The aluminum storefront from Norcross, Ga.-based Kawneer Co. Inc. at the three major entry areas provides natural daylighting during school hours, which reduces artificial lighting and energy use. It provides views out to the farm site to see curriculum components like fields, gardens, livestock, and a clear view of approaching faculty, students and visitors.

"Aluminum was chosen for the storefront because of its longevity and ease of maintenance," Hill says. "It provides minimal maintenance and has a durable life. The only other option that we were looking at all was a hollow metal frame. Since this is an all-new school there really weren't any materials that we were recycling in the project. With aluminum storefronts, I know many manufacturers will utilize a percentage of pre- or post- consumer materials and that was important to us as we looked at the type of materials we had. Making certain they weren't all new first-generation materials, which is true with the storefront, windows and roof systems."

Large metal, overhead, high-performance fans from Lexington-based Big Ass Fans reduce energy use, facilitate natural ventilation and air movement, and reduce air-conditioning requirements. "The metal fans need some adjustment from the staff because any kind of natural ventilation means the owner has to be more 'hands-on' in thinking about how they use it and when they use it," Hill says. "Some of the natural ventilation is on sensors, so when it gets to be a certain heat level in the space, it triggers an automatic opening of the vents allowing ventilation flow. But much of it is about owner comfort and that is a much more hands-on activity."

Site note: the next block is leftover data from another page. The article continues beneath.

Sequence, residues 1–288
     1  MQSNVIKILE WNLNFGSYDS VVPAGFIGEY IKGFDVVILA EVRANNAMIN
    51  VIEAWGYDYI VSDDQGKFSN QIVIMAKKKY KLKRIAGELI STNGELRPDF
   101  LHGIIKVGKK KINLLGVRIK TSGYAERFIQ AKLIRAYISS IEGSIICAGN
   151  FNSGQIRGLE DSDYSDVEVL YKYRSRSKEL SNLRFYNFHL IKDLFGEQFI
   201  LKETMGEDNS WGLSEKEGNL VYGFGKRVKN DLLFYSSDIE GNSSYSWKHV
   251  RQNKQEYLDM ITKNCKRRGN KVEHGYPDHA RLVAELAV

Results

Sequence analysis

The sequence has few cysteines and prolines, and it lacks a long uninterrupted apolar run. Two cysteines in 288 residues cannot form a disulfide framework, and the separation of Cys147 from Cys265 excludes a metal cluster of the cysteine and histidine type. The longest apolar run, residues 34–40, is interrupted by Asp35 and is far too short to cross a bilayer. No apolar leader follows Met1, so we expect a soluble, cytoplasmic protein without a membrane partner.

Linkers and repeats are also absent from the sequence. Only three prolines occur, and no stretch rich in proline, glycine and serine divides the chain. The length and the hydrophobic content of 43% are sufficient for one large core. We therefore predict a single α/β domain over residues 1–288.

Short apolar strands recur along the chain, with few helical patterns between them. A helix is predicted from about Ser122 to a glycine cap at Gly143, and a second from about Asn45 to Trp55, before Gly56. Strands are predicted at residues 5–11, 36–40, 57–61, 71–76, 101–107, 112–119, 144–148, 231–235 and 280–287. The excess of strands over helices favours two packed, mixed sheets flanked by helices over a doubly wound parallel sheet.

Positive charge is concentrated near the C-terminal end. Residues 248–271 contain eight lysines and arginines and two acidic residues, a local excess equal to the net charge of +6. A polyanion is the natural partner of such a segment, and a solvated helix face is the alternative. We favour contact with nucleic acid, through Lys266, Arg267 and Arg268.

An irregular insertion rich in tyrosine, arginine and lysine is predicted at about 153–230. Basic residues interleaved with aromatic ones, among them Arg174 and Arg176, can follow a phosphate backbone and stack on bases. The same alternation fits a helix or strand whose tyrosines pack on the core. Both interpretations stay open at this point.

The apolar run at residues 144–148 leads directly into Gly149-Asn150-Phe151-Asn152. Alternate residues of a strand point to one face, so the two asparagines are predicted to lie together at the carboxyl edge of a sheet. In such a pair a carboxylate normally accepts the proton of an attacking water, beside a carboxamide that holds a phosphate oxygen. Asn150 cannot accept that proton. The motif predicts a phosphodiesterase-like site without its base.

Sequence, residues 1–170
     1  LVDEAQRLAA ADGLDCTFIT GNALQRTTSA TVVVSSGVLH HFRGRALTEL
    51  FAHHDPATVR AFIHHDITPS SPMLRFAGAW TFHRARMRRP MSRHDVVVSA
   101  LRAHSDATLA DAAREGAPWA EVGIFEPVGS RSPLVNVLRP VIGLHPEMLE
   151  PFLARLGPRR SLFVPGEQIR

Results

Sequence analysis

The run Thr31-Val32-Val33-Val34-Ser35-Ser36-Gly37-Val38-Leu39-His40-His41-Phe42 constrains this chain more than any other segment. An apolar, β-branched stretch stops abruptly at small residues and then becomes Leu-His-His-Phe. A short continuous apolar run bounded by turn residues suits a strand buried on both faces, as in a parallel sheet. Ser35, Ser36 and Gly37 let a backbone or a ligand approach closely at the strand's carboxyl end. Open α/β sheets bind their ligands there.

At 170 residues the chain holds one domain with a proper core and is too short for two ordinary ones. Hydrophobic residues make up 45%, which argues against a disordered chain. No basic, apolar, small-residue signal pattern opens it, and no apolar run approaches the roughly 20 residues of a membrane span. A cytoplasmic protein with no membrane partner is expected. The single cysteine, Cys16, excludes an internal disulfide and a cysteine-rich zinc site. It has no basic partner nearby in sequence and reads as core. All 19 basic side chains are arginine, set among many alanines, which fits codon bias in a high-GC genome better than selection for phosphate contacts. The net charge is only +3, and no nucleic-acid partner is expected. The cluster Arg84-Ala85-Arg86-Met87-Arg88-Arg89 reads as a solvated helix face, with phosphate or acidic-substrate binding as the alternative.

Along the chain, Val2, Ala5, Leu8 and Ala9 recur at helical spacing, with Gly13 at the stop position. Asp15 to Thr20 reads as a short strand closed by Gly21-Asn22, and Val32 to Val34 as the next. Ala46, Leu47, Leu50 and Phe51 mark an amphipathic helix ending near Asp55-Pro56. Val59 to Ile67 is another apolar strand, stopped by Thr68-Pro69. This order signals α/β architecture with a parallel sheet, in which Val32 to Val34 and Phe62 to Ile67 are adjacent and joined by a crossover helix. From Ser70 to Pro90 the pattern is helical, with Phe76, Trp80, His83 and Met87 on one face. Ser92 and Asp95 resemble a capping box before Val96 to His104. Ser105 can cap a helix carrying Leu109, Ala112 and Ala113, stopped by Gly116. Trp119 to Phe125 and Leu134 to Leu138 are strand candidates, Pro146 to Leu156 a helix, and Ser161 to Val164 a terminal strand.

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Permeable pavement, rain gardens and the vegetated roof manage water runoff. Metal elements like standing seam roof panels, gutters and downspouts from Fabral also play a role in rainwater collection and harvesting. Rainwater is stored in underground tanks for use in livestock watering and crop irrigation.

Net zero efforts are accomplished by collecting and processing all liquid and solid waste on-site through a constructed wetlands bio-system which then returns appropriately filtered water back into the watershed. The school is minimally hooked up to water municipalities. Local and regional material production has helped reduce carbon footprint and the cost to the owner in terms of transportation, Hill says.

 

So far, so good, so green

At Locust Trace, this project's metal components have provided opportunities, not problems. "The greatest challenges and rewards of this project relate to the comprehensive, integrated net zero goals of the school; constructing all the components to fully integrate and tie together to create a facility capable of meeting these sustainability goals with informed, involved occupants," Hill says. After a year up and running, this very unique Agriscience school has all its controls in place and administrators are currently fine tuning their commissioning to meet all net zero energy requirements.

 

 

 

Locust Trace Agriscience Farm, Lexington, Ky.

Developer: Fayette County Public Schools, Lexington
Architect: Tate Hill Jacobs Architects Inc., Lexington
General contractor: Messer Construction, Lexington
Steel beam fabricator: Harry Gordon Steel, Lexington
Aluminum storefront: Kawneer Co. Inc., Norcross, Ga., www.kawneer.com
Aluminum sun louvers: Industrial Louvers, Delano, Minn., www.industriallouvers.com
Fans: Big Ass Fans, Lexington, www.bigassfans.com
Metal wall and roof panels/gutters and drainspouts: Fabral, Lancaster, Pa., www.fabral.com
Photovoltaics: SunPower, San Jose, Calif.  us.sunpowercorp.com
Roof clamps: S-5!, Colorado Springs, Colo. www.s-5.com
Steel deck/trusses/joists: New Millenium, Butler,  Ind., www.newmill.com
Steel wall framing: Clark Western, West Chester, www.clarkdietrich.com